SOA Design Patterns

We saw in the past section how much the products have matured over time. At the same time, SOA as a methodology has also been evolving and maturing through a series of contributions from industry leaders, standards organizations, academics, professionals, architects and technology enthusiasts.

As a result of this contributions, we have a well identified set of SOA Design Patterns: proven solutions to common problems.


*If you want to know more about SOA Design Patterns, make sure to visit the following site for a thorough explanation:


Here we’ll have a look at some of these patterns and whether they are more suitable to be applied by the utilization of BPEL and/or Service Bus:

SOA Design Pattern BPEL OSB
Data Model Transformation X x
Data Format Transformation x
State Repository X
Rules Centralization X x
Process Abstraction X
Process Centralization X
Asynchronous Queuing X x
Intermediate Routing x
Event-Driven Messaging X x
Protocol Bridging x
Atomic Service Transaction X
Compensating Service Transaction X
Reliable Messaging x
Policy Centralization x

As we can see in the table, each tool has its own set of relevant capabilities, some of them shared by both. JCA Adapters can also help us extend the native functionality of the products, especially in the case of BPEL.

Based on the information we’ve just analyzed, we can definitely come up with a collection of pretty accurate guidelines regarding the use of one product or the other for certain scenarios:

  • For service virtualization and brokering activities use OSB
  • For long running and stateful orchestrated tasks, use Oracle BPEL
  • For automatizing business activities based on a process definition use Oracle BPEL
  • For incorporating Human Workflow and/or Oracle Business Rules, use Oracle BPEL PM
  • For applying policy-centralization and reliable-messaging techniques on web-services, use OSB
  • For stateless and short-lived web-service orchestrations use OSB
  • For synchronous entity-based services or pass-through operations use OSB

This gives us more clarity, providing appropriate separation of concerns without meaning that we cannot use OSB and BPEL in conjunction for solving sophisticated integration scenarios:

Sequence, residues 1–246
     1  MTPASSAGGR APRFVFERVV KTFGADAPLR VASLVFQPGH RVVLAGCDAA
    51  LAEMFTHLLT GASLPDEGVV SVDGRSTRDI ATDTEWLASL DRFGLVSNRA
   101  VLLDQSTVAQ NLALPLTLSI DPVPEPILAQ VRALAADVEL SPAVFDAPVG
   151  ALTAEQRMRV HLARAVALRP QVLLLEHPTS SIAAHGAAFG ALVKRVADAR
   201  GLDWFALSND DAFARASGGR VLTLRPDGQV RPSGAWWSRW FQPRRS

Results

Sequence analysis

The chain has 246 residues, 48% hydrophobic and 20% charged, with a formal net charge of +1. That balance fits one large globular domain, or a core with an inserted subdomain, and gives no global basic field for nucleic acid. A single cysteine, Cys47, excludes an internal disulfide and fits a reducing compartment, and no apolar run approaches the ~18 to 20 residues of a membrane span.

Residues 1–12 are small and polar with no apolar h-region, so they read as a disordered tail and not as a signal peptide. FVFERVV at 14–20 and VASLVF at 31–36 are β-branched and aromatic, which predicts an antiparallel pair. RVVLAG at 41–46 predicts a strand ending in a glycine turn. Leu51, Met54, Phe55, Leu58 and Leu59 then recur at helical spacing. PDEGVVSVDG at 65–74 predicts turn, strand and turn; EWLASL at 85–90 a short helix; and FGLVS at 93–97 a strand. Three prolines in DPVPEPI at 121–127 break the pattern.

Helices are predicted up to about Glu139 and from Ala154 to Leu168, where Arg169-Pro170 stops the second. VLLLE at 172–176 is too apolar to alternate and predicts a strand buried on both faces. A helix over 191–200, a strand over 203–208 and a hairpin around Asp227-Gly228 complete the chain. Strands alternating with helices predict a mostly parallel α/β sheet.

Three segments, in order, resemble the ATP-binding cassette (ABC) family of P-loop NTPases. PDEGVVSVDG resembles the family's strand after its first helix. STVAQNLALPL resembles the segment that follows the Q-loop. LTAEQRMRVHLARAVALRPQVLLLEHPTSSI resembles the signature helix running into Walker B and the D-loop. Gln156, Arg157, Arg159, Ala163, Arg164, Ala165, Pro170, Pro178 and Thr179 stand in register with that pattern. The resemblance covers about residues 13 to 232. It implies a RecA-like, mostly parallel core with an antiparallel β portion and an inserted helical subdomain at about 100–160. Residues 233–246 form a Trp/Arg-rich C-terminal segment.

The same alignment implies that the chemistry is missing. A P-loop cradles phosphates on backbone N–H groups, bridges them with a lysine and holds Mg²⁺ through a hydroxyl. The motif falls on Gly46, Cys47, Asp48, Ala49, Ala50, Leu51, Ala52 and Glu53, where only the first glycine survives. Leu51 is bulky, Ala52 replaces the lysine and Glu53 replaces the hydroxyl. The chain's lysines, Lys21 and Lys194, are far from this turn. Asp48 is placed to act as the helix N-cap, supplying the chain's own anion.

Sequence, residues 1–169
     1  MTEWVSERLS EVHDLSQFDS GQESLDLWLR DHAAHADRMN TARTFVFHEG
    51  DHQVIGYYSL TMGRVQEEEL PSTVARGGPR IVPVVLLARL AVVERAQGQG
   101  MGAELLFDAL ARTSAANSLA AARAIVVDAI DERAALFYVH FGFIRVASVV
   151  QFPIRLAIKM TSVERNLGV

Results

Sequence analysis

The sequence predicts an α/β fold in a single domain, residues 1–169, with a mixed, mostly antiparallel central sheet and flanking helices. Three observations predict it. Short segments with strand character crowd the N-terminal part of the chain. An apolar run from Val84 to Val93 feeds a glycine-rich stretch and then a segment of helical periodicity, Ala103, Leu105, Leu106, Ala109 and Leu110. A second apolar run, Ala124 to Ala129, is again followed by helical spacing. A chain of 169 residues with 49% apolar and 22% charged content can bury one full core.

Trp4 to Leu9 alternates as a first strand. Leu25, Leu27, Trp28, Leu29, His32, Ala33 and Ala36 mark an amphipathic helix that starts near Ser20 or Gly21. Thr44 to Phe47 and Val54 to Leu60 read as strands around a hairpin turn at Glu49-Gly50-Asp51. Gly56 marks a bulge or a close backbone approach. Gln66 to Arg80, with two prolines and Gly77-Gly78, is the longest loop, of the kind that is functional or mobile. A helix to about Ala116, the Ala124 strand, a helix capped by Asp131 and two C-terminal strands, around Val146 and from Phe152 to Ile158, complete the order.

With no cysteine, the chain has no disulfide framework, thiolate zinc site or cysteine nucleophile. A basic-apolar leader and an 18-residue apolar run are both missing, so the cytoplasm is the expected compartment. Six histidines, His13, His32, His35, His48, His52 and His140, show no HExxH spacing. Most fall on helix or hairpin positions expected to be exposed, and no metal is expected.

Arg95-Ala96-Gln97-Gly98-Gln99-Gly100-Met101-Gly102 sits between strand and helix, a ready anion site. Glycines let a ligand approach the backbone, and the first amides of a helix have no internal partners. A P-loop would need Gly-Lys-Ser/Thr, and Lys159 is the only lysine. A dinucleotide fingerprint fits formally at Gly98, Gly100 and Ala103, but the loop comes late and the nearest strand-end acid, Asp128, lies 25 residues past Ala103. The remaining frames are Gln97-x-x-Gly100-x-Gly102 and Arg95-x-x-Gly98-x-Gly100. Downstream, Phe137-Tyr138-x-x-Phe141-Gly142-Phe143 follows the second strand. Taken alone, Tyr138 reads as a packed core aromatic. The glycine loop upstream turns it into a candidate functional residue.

BPEL Service virtualization using OSB

OSB performing mediation duties in a Service Composition

Asynchronous queuing scenario with one-way invocation of a BPEL process through OSB

And how does this look in Oracle SOA Suite 12c?

After looking at the historic perspective, some of the great advantages of SOA Suite 12c have to do with:

  • Stability
  • Continuity
  • Maturity

Unlike past releases, there’s not a major change in the runtime engine, nor in the set of products that conform the suite. This has allowed Oracle to focus on substantially improving each one of the tools, taking in account customer / developer feedback as well as industry trends and requirements.

Oracle SOA Suite 12c, if anything, encourages SOA Practitioners to use BPEL and OSB together in order to design and implement robust solutions with the ability to provide the required flexibility, SLA compliance and transactional capacity the industry looks for.

The following improvements (among many others) seem to be the most relevant in this regard:

  • Unified IDE for BPEL and OSB (JDeveloper)
  • Unified Monitoring Console with end-to-end tracing capabilities (EM)
  • Quick start SOA Suite installer bundle for developers including OSB
  • Integrated Debugger for BPEL / OSB
  • Error Hospital
  • MDS tighter integration
  • Continuous Integration through Maven artifacts
  • Modularity profiles



  • While there indeed was a time when one product was more robust and mature than the other in the Oracle FMW Stack (BPEL > Service Bus), this is not true anymore. Even in 11g this point was arguable to some degree, but in 12c both tools have been equally upgraded and aligned with the industry tendencies mentioned beforehand.
  • Some of the controversy between these tools, especially among developers, had to do with the presence of different IDEs for BPEL PM and OSB. This proved to be a very impractical situation that has already been taken care of in 12c. JDev is now the IDE of choice for developing Oracle SOA Suite components, whether it is with BPEL or Service Bus.
  • Even though BPEL + Service Bus have always been able to work together, in the past there was no pressing need to design solutions based on such a combination. Moreover, the separation of concerns between the tools was not as clear as it is now, thanks to the maturation of SOA Methodology. Nowadays, especially with SOA Suite 12c, BPEL & OSB comprise a terrific and necessary combination. A dynamic duo whose combined capabilities will let us face and successfully figure out the multiple challenges of Industrial SOA, as well as reap its significant benefits.

We certainly hope that this body of work has been interesting, useful and enjoyable for you appreciated reader. Let’s meet again in our next episode!!

The SOA Myth Busters


9 comments on “Episode #1: “BPEL vs. OSB”

  1. Pingback: soa mythbusters | SOA Community Blog

  2. This is a great article! Your readers might also find real user reviews for SOA Suite on IT Central Station to be helpful. As an example, this user writes, “The bus virtualizes services with OSB (Oracle Service Bus) as it guarantees a secure and holding performance with throttling downstream. It allows us to hide systems like SAP, AS400 and more modern systems. SOA Suite takes over the services with states or necessitates fine tracking offered in combination with Enterprise Manager.” You can access the full review, as well as explore how others use the different components of SOA Suite, here: https://goo.gl/okaZXG


  3. Pingback: BPEL vs OSB (Oracle Service Bus) - arbo.com.ve